9 - Your Skills Are Growing

The final chapter focuses with changes over the course of a lifetime. Some skills will grow while others will atrophy. The question is whether this is in a controlled and deliberate manner - are you gaining things that are valuable and losing things that are not, rather than the other way around?

(EN: There follows a recap of some of the major points of the book, which I'll skip here as the notes would be redundant.)

He switches to the notion of evolution, which is something that people do within their own lifetimes. Our life is not a chain of dramatic incidents but a long, slow series of changes. And like evolution, the process of evolving ourselves is measured against the touchstone of survival. If a change makes us more successful in our endeavors, then it's a good change and a lesson to be preserved.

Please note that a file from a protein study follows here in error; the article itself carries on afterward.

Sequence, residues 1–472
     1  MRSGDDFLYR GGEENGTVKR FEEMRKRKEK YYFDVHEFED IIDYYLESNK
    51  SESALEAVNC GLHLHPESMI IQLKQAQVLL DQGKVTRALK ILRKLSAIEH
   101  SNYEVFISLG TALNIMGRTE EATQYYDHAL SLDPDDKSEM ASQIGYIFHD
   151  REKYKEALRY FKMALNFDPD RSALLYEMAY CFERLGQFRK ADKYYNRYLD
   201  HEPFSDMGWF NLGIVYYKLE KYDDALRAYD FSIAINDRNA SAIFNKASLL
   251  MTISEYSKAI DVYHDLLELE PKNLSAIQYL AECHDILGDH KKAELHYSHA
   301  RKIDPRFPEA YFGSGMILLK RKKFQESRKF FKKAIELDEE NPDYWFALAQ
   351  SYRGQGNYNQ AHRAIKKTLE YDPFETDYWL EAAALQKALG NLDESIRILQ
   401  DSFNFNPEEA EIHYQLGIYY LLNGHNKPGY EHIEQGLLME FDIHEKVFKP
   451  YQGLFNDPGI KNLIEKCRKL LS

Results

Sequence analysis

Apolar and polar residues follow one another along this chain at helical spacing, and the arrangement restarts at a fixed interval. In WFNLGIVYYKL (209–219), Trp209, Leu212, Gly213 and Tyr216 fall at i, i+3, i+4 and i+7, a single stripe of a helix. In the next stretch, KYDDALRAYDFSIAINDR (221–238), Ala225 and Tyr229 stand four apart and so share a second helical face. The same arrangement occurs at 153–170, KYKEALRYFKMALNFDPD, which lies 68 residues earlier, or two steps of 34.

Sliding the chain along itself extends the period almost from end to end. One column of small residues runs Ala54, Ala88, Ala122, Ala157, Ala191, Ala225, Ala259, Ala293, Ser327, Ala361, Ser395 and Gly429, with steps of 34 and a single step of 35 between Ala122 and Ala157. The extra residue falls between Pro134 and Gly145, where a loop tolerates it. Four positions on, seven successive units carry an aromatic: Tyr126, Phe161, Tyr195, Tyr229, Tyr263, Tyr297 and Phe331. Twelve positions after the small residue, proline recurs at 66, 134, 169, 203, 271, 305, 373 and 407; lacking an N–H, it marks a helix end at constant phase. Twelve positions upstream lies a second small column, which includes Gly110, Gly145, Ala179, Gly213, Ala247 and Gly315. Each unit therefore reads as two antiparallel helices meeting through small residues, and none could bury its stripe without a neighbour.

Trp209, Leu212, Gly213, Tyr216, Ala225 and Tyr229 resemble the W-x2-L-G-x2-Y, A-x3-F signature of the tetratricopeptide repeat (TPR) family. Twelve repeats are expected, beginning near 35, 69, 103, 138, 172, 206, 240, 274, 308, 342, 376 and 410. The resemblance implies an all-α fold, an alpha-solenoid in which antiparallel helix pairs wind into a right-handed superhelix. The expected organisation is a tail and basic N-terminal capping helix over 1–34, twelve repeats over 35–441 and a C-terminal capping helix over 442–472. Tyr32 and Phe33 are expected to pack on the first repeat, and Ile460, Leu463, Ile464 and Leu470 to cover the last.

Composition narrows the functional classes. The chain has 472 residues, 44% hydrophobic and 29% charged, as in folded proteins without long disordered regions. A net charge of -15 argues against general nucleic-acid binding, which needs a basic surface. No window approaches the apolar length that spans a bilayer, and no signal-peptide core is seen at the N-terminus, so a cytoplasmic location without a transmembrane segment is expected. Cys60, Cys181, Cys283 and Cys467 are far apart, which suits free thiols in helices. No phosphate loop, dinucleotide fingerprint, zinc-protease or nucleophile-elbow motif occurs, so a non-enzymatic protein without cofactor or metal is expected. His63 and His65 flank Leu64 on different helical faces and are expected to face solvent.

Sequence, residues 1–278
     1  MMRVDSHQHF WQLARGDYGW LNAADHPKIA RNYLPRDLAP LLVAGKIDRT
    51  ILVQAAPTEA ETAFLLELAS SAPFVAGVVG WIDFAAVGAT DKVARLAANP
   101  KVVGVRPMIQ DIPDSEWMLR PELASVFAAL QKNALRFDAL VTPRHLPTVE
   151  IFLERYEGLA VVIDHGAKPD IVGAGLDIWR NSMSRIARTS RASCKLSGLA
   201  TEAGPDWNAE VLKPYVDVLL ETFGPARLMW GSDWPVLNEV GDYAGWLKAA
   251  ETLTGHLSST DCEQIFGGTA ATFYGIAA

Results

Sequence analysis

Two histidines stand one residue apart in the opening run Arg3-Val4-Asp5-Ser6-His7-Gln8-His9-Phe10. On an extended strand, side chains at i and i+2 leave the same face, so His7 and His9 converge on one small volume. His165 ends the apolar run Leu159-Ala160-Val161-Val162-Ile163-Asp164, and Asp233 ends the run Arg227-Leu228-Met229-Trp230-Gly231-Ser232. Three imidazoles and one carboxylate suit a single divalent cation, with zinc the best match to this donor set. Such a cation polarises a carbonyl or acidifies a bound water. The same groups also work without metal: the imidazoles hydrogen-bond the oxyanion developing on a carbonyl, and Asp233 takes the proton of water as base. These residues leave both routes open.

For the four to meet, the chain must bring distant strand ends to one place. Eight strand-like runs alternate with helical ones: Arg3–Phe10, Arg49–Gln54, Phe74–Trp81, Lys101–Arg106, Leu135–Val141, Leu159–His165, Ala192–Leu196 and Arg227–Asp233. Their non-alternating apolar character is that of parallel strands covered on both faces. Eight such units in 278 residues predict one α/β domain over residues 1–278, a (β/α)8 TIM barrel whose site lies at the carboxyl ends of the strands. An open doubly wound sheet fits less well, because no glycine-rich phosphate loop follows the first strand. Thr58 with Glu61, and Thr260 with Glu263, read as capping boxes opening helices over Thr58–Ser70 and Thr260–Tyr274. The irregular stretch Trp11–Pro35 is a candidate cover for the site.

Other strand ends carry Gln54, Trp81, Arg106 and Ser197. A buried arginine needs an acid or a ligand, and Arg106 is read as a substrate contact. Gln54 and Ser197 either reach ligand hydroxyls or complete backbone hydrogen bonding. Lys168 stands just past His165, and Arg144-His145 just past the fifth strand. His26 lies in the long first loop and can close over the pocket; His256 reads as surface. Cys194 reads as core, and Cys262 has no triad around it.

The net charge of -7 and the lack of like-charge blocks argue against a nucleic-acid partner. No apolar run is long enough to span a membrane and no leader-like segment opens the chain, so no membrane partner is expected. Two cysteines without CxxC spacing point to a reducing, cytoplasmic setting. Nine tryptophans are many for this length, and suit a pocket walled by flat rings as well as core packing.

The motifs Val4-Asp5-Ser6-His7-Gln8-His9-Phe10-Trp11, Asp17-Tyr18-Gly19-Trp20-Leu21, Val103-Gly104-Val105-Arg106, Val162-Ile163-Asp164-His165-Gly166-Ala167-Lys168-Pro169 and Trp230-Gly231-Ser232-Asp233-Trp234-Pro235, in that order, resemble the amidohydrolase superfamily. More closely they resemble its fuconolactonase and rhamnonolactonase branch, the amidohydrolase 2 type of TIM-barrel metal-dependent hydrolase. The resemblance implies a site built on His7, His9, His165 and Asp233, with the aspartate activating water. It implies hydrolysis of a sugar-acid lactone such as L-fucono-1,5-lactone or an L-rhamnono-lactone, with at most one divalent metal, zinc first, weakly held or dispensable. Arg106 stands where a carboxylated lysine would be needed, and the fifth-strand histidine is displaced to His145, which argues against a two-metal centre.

He also hits on the notion of personal crisis - and the way in which people change dramatically when major events (good or bad) occur in their lives, and these changes can be good or bad. Becoming more present-minded enables us to weather crises better, and to make more of a conscious choice in the way in which our behavior changes in the wake of a crisis.

He also gets a bit spiritual, but is essentially right in the notion that the material things we gain in life (houses, cars, money, things, etc.) tend to be temporary. Few people maintain the possessions they had as children - and those who do find them to be a useless burden. But more to the point, virtually the only thing you have in life that you keep from birth to death is yourself. The rest of it changes and is lost over time. And there is the value of self-improvement: you keep it much longer than material things. Yet people invest so much time in earning temporary baubles than in improving themselves. "Everything that you spiritually acquire expands your true self and becomes part of you forever."

He also asserts that developing a practicing mind is worth making a priority because doing so gives you the equipment to accomplish other goals.